X-Message-Number: 19384
Date: Mon, 1 Jul 2002 12:29:46 EDT
Subject: Intensity Interferometer 4

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Intensity Interferometer part 4.

 Sound wave, at the elementary level are represented by a kind of 
quasi-particles: phonons. Phonons are to sound what photons are to 
electromagnetics radiation. So, why not an intensity interferometer working 
with phonons? The idea may be extended to other excitation states of bulk 
matter, but today I'll limit myself to sound waves.

In liquids, sound speed is in the 1000 m/s range. If we have a sampling 
system working at 100 Mhz, the sampling wavelength will be 10 micrometers. 
May be the sound wave used has a frequency in the Ghz range. We are 
interested in details down to 10 nm or 1 000 times smaller than the sampling 
wavelength, that is, we will need one millions "experiments" to go to that 
scale. Each experiment must have a duration defined by the difference in 
scale multiplied by the sampling period, that is: (10 micrometers/10 
nanometers) x 1/100 000 000 hz or 10^-5 s. Because we need 1 million 
experiments, the total observation time is 10 seconds. We are in the 
manageable time!

That give only one point, well there may be many detector running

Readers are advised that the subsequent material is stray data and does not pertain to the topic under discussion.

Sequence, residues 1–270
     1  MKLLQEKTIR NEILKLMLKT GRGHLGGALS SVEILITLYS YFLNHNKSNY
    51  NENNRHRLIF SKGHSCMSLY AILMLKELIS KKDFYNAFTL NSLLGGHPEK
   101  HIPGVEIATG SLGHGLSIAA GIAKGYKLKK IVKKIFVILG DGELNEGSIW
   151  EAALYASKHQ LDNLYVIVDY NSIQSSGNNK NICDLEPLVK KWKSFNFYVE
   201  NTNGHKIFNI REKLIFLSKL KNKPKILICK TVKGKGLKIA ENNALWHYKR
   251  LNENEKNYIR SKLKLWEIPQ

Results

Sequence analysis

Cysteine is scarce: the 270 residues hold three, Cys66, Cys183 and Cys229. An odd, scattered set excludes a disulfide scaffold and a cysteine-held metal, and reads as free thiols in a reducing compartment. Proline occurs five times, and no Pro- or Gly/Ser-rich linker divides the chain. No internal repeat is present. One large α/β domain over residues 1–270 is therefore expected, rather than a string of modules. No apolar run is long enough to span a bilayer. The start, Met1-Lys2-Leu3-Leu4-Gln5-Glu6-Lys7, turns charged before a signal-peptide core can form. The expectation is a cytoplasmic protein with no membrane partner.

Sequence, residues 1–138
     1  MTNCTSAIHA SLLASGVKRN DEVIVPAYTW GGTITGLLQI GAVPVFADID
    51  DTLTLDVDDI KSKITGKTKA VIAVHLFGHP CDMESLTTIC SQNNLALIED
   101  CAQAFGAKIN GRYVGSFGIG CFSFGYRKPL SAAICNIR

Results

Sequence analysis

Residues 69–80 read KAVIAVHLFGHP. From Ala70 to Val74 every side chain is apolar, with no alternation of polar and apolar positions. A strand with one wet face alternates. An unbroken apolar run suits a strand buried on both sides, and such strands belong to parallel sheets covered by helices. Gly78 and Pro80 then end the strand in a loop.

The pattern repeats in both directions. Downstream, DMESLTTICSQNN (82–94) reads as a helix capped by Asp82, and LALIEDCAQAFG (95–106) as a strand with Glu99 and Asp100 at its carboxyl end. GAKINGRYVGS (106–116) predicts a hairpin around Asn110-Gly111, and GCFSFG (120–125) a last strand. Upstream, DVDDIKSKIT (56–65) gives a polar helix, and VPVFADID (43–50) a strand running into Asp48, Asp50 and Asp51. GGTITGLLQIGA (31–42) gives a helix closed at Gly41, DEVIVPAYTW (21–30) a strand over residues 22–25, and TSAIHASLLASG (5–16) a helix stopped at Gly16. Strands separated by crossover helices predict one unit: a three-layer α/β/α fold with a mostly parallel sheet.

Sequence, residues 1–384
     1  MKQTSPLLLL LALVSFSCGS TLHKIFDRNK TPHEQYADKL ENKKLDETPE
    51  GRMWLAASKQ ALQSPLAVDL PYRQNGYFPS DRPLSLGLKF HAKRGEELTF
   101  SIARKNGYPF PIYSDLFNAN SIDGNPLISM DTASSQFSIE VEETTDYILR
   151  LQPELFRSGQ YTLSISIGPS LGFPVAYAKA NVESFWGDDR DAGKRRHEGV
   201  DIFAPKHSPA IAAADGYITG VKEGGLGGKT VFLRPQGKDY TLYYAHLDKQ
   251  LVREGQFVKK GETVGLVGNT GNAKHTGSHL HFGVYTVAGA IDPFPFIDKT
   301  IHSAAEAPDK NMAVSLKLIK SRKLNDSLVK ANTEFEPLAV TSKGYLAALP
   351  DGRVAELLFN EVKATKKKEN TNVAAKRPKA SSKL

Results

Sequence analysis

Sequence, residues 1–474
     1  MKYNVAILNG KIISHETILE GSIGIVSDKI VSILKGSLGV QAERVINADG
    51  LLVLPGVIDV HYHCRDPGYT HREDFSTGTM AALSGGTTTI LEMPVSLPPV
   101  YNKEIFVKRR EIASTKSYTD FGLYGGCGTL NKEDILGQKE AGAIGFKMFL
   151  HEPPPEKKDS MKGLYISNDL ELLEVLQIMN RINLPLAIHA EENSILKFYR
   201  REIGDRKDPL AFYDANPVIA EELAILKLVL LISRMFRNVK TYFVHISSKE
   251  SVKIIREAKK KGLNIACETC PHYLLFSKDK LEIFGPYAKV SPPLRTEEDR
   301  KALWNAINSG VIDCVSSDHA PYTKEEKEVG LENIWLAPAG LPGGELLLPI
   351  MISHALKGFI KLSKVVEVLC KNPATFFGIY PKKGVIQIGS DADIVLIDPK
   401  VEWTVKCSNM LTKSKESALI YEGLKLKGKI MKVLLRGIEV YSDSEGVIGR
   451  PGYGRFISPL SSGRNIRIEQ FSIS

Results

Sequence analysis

simulatneously, may be one million or so. Assume we have to cover a surface 
near 1 000 sq centimeters. Each detector would have to cover 10 micrometers 
squared, so 1 millon would cover 1 sq. cm or 1/1 000 th of the total surface. 
We have then to move them 1 000 times and make the experiment 1 000 times to 
resolve an entire brain down to 10 nanometers. This would take 10 000 seconds 
or near 3 h.

I think this is the best we can get without X-rays systems. The most 
interesting fact is that reader could be built with present day technology.  
We could have a problem with building back the picture on a computer, but 
that problem will solve itself in some years. An University reseach 
department could take the challenge to build that reader, but I am not 
optimist on that. Cryonics organizations could do it, but no one is 
interested in up-loading or scanning technology, they may have too more 
pressing reseach needs....

Yvan Bozzonetti.


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